Questions linger after Dem lawmakers get first briefing on Christmas attack

Democratic lawmakers emerged from their first in-person administration briefing on the failed Christmas Day bombing saying security questions remain.
Officials from the State Department, Office of the Director of National Intelligence and Transportation Security Administration provided a bicameral classified briefing on Capitol Hill on Wednesday afternoon about the intelligence breakdown that preceded the near-takedown of Northwest Flight 253.

After the briefing, Rep. Norm Dicks (D-Wash.) questioned the absence of Homeland Security Secretary Janet Napolitano. Napolitano came under attack in the days following the bombing attempt for defending the intelligence community by saying “the system worked” because the attack was unsuccessful. She later amended her remarks.
But Dicks, who sits on the Appropriations Defense subcommittee, was impressed by the officials’ commitment to closing any intelligence loopholes that may have existed before the botched bombing. The administration is faced with an incredible task, he said.
“We’re doing a lot but we still have a ways to go — our goal is perfection,” he said.
House Homeland Security Committee Chairman Bennie Thompson (D-Miss.) said the officials provided a detailed account of the intelligence failures and acknowledged a need to be even more vigilant in the wake of the most recent attempted terrorist attack.
“There are still some dots that are not connected,” Thompson said. “Human error had a lot to do with what happened. There was enough information available. Some of what occurred would not have occurred.”
The briefing did not answer the many questions surrounding President Barack ObamaBarack Hussein ObamaOvernight Energy: Dems ask Pruitt to justify first-class travel | Obama EPA chief says reg rollback won't stand | Ex-adviser expects Trump to eventually rejoin Paris accord Overnight Regulation: Trump to take steps to ban bump stocks | Trump eases rules on insurance sold outside of ObamaCare | FCC to officially rescind net neutrality Thursday | Obama EPA chief: Reg rollback won't stand Ex-US ambassador: Mueller is the one who is tough on Russia MORE’s commitment to close the Guantanamo Bay detention facility this year. The president’s promise to close the prison as a way to improve international diplomatic relations and curtail al Qaeda recruiting has faced additional complications following the attempted attack on a passenger jet and news that Yemen has become a haven for al Qaeda.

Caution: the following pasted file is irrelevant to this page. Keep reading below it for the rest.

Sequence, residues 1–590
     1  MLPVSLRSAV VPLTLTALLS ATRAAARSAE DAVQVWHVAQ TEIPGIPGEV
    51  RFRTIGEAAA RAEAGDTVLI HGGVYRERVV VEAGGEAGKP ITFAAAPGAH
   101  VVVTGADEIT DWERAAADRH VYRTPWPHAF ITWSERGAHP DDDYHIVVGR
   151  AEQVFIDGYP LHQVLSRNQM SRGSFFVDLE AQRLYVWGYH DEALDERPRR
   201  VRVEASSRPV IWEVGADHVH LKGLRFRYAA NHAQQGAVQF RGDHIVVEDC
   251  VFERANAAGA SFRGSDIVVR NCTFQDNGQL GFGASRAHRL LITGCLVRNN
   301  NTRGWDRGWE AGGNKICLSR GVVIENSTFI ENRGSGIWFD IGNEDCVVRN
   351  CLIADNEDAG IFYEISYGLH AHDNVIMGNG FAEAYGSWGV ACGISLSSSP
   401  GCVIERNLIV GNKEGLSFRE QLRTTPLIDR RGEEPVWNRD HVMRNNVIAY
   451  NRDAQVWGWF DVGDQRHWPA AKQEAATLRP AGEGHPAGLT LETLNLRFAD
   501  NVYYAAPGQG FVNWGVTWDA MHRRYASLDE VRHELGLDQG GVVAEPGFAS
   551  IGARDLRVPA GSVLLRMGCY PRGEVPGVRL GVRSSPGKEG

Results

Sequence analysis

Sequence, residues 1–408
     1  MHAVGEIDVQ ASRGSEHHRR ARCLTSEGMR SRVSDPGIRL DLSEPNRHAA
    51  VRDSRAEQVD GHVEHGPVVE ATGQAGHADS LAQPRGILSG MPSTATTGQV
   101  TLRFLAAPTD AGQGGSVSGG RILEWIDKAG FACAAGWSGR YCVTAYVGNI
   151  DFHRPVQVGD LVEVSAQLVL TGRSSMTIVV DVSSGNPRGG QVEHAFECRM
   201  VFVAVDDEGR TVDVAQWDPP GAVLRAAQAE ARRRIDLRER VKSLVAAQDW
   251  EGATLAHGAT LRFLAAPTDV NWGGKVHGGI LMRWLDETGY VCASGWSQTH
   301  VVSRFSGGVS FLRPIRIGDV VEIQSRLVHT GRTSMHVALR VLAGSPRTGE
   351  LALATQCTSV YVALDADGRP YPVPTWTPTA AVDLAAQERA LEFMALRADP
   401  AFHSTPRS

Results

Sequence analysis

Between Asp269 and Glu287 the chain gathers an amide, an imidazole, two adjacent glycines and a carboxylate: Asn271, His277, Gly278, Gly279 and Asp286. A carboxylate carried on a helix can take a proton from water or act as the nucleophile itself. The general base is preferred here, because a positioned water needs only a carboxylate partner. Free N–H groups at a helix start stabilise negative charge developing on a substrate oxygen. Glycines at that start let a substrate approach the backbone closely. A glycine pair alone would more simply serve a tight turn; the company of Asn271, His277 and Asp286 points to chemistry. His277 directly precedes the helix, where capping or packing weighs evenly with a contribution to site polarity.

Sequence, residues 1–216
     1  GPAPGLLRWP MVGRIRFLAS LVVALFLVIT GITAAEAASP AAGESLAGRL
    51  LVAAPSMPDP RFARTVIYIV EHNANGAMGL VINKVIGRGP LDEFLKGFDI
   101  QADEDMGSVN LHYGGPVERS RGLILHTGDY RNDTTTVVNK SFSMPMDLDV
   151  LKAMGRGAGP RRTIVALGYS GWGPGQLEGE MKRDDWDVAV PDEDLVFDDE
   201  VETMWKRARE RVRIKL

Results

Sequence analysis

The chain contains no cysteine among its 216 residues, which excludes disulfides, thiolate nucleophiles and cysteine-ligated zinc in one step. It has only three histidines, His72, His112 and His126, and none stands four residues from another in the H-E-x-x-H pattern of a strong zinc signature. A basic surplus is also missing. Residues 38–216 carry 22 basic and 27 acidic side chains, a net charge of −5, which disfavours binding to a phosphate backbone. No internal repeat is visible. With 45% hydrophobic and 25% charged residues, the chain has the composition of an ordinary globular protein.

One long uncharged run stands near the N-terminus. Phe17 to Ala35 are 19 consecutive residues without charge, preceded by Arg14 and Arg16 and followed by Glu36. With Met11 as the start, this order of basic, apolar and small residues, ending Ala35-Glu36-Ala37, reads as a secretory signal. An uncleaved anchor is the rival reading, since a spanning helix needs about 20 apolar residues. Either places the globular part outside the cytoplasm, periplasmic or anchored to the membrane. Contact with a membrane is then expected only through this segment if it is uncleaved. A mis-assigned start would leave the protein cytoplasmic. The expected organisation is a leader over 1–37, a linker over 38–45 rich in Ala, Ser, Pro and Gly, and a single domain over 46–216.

The White House has suspended any detainee transfers to Yemen and recently said that no detainees will be transferred to Saudi Arabia either. An administration official said the decision about Saudi Arabia has nothing to do with the Christmas Day attempt or subsequent criticism from Congress about its policy of transferring detainees overseas.
Earlier Wednesday, Senate Minority Leader Mitch McConnellAddison (Mitch) Mitchell McConnellLawmakers feel pressure on guns Bipartisan group of House lawmakers urge action on Export-Import Bank nominees Curbelo Dem rival lashes out over immigration failure MORE (R-Ky.) accused the Obama administration of creating a “state of confusion” in Afghanistan over U.S. detention policy.
McConnell, who just returned from a trip to Afghanistan and Pakistan with other lawmakers, said military officers expressed confusion about handling terrorist suspects.
"In fact, there are at least two standards of detention," he said, noting that NATO forces follow a different policy than the U.S. military.
“To not be allowed to properly interrogate and to detain without some of the concerns that you might have if you were an American citizen here in the United States who is under arrest for robbing a convenience store … strikes me as a pretty wrongheaded way to conduct the war,” he said. “I hope that the administration will move in the direction of clearing up this confusion because I found from top to bottom in Afghanistan concern among the military people about this state of confusion with regard to detention and detainment.”